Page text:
“You are not the king of your brain. You are the creepy guy standing next to the king going "a most judicious choice, sire"”- Steven Kaas
“I used to think that the brain was the most wonderful organ in my body. Then I realized who was telling me this.” - Emo Phillips
Why is this interesting? A kind reader flagged a recent podcast with Annie Murphy Paul and Ezra Klein on her new book The Extended Mind, The Power of Thinking Outside the Brain (thanks Jen, you get me). The book presents the compelling idea that our brains are more limited than our modern culture perceives, and that there are other forms of cognitive enhancement we can therefore access and exploit. It’s always seemed like an important thing to learn more about.
Essentially she believes we need to learn to utilize the evolutionary assistance provided by our bodies, environment and peers.
I also conclude with what I personally believe to be the most practical approach to augmenting non-intellectual intelligence.
1. Crux of the book- three sources of “external cognition”:
TM: We have become the most powerful species on the planet in large part because of our ability to understand and communicate abstract information.
But as Murphy Paul insightfully says; “now, paradoxically, further progress may depend on running this process in reverse. In order to succeed at the increasingly complex thinking modern life demands, we will find ourselves needing to translate abstractions back into the corporeal, spatial, and social forms from which they sprang—forms with which the brain is still most at ease.”
She distinguishes between three broad categories of cognition:
- "First, there is the study of embodied cognition, which explores the role of the body in our thinking: for example, how making hand gestures increases the fluency of our speech and deepens our understanding of abstract concepts.
- Second, there is the study of situated cognition, which examines the influence of place on our thinking: for instance, how environmental cues that convey a sense of belonging, or a sense of personal control, enhance our performance in that space. [Open-plan comes out poorly, work from home well]
- Third, there is the study of distributed cognition, which probes the effects of thinking with others—such as how people working in groups can coordinate their individual areas of expertise (a process called “transactive memory”), and how groups can work together to produce results that exceed their members’ individual contributions (a phenomenon known as “collective intelligence”). [Oddly, this is my topic for next week]."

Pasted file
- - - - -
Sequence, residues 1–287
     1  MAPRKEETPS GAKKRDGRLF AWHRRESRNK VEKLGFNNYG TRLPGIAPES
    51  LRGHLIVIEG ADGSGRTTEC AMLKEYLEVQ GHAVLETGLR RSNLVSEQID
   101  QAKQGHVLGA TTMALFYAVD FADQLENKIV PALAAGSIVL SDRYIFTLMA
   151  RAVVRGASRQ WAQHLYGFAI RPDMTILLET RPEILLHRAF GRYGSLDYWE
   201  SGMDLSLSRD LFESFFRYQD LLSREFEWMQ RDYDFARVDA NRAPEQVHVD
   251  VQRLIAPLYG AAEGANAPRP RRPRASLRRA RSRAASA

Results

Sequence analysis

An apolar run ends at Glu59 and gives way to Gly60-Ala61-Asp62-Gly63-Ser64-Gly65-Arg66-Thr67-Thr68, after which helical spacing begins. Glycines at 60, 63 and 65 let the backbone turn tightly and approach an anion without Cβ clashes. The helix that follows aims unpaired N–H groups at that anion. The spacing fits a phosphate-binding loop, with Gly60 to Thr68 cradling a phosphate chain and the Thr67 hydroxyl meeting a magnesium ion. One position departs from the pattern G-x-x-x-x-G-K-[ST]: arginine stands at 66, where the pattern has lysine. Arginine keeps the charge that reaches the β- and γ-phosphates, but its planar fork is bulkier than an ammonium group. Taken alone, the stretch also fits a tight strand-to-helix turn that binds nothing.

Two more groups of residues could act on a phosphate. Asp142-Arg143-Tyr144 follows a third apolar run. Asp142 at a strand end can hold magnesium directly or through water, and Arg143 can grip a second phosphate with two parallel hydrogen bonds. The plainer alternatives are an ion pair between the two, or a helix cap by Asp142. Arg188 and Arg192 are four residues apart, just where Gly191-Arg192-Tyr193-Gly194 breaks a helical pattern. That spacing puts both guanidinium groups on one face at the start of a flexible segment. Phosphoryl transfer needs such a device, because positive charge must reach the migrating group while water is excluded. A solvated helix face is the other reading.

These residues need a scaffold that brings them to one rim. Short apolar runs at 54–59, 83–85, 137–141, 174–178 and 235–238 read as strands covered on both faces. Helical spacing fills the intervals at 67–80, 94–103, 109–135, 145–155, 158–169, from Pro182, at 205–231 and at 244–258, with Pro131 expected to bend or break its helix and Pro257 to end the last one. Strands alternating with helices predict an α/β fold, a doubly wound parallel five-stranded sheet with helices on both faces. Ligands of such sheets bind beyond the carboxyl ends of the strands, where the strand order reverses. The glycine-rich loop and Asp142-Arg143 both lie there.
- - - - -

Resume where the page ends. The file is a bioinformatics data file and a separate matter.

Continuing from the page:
My interpretation is that Murphy Paul believes we’re frequently thinking about cognition wrong. I enjoyed her tacit criticism of “grit” and “growth mindsets.” They’ve always felt oversimplified to me. Yes, diligence and persistence is obviously great. But true creativity and insight often requires slack, relaxation and non-intellectual effort. If we’re already bumping up against the limits of our neurobiology, straining harder won’t produce corresponding gains. The brain is not a muscle or a computer.
One obvious example is move more to think better. Forcing yourself to sit still can be cognitively demanding. Kids diagnosed with ADHD fidget so they can concentrate better. Moderate intensity exercise for a moderate time is the sweet spot for improving cognition, especially as a break during the day. Very intense exercise can induce transient hypofrontality- essentially when our conscious mind becomes so involved in the exertion that we become more open to unconscious insight.
2. Boundaries are key- building a better bridge.
The constant reliance on studies to prove a point rather than illustrate them is a persistent pitfall in modern non-fiction. If the study fails to replicate, your foundations collapse. That said, Murphy Paul’s book does have some interesting ideas to pursue, even for a relative skeptic like me.
As Murphy Paul writes, the key to extending cognition is “translating abstractions back into the corporeal”. This meshes perfectly with the striking evidence that creativity and insight occurs at boundaries- in this case between “brain” and “world”. Some examples from the book:
- Gestures bridge the gap between physical and mental. People who gesture more explain better and understand faster. Gesture can actually precede understanding. Think about how you gesticulate when you’re trying to find the right words.